The UK’s high street banks have warned that the boon from rising interest rates might be coming to an end as changing customer behaviour and an increasingly competitive mortgage market hits margins.
Natwest, Barclays and Lloyds recorded bumper profits last week, but investors were dismayed by the more cautious outlook.
NIM measures the amount of money a bank is earning in interest compared to the amount it is paying in interest on deposits.
While Lloyds upped its full year NIM, its margin in the second quarter fell against the quarter before pointing to increasing competition.
Tomasz Noetzel, analyst at Bloomberg Intelligence, noted that the downgrades “sum up the intensifying pressures in the domestic mortgage and deposit markets”.
All the banks reported that customers are increasingly shifting deposits into higher yielding savings accounts while many are using excess savings to pay down debts as well.
At Natwest the proportion of deposits in non-interest bearing accounts fell from 40 per cent to 37 per cent with many customers moving into fixed-term accounts.
Finance chief Katie Murray said “we’re definitely seeing much more active management of people’s deposits, which is a very sensible thing for them to be doing.”
Similarly Barclays’s CFO Anna Cross said that customers are “more sensitive” to rising rates and are acting “very rationally and very proactively”.
“They’re deleveraging – we’re seeing more than a quarter of our mortgage customers overpay on their mortgage – and then many are managing their savings to get a higher yield. It’s as simple as that,” she said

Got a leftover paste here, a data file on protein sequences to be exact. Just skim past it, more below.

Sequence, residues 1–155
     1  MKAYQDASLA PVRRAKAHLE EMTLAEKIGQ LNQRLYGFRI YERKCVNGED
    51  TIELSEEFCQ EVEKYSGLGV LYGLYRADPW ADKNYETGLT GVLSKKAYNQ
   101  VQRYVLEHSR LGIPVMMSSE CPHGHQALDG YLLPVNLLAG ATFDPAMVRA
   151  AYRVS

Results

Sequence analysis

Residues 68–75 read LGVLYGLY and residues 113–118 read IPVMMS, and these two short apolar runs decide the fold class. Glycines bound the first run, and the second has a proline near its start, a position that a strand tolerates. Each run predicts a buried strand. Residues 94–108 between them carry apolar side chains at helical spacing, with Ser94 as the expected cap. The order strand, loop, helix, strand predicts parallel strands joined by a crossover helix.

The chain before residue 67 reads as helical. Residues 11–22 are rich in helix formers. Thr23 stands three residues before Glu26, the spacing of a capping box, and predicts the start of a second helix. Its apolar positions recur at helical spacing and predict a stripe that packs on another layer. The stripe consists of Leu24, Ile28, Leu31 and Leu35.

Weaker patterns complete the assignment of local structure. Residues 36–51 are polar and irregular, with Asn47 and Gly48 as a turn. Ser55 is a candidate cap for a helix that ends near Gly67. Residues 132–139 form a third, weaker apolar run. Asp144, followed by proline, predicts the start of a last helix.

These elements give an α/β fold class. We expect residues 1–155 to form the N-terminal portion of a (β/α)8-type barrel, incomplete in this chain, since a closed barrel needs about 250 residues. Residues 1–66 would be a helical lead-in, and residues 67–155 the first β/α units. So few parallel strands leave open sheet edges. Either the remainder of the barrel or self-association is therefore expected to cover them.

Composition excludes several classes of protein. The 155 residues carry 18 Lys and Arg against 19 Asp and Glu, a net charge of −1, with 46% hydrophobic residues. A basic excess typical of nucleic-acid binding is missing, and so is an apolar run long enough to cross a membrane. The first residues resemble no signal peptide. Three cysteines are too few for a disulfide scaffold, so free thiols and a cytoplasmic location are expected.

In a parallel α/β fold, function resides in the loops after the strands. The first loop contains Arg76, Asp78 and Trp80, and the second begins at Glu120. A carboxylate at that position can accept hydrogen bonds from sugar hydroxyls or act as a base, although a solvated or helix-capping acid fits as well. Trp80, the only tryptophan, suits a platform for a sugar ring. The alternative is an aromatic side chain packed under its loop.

On the mortgage side, William Chalmers, CFO at Lloyds, said “mortgage margins are at exceptionally low levels”. He noted that customers refinancing mortgages are moving off margins of around 180 basis points onto around 50 basis points today, a significant decrease.
With tightening margins, all eyes will turn to how HSBC performs on Tuesday alongside Metro Bank. Virgin Money will report on Wednesday.
Despite concerns in the rest of the market, analysts at Jefferies reckon that HSBC might lift its net interest income guide for the year from $34bn to $36bn
Any upgraded guidance would likely reflect “a promising turnaround in macro conditions in Hong Kong and mainland China and better than feared growth in the UK”, analysts at UBS said.
Virgin Money is hoping to put a poor start to the year behind it when it reports results for the third quarter on Wednesday. Richard Branson’s challenger bank saw its profit fall by a quarter in the six months to March as it set aside more funds to cope with bad loans.
Earlier this month it announced the closure of a number of its physical branches in an attempt to cut costs.
Unlike other high street lenders, Virgin Money failed to see a NIM expansion over the course of 2022, with it remaining at 189 basis points. It is guiding for a full year NIM of around 190 basis points.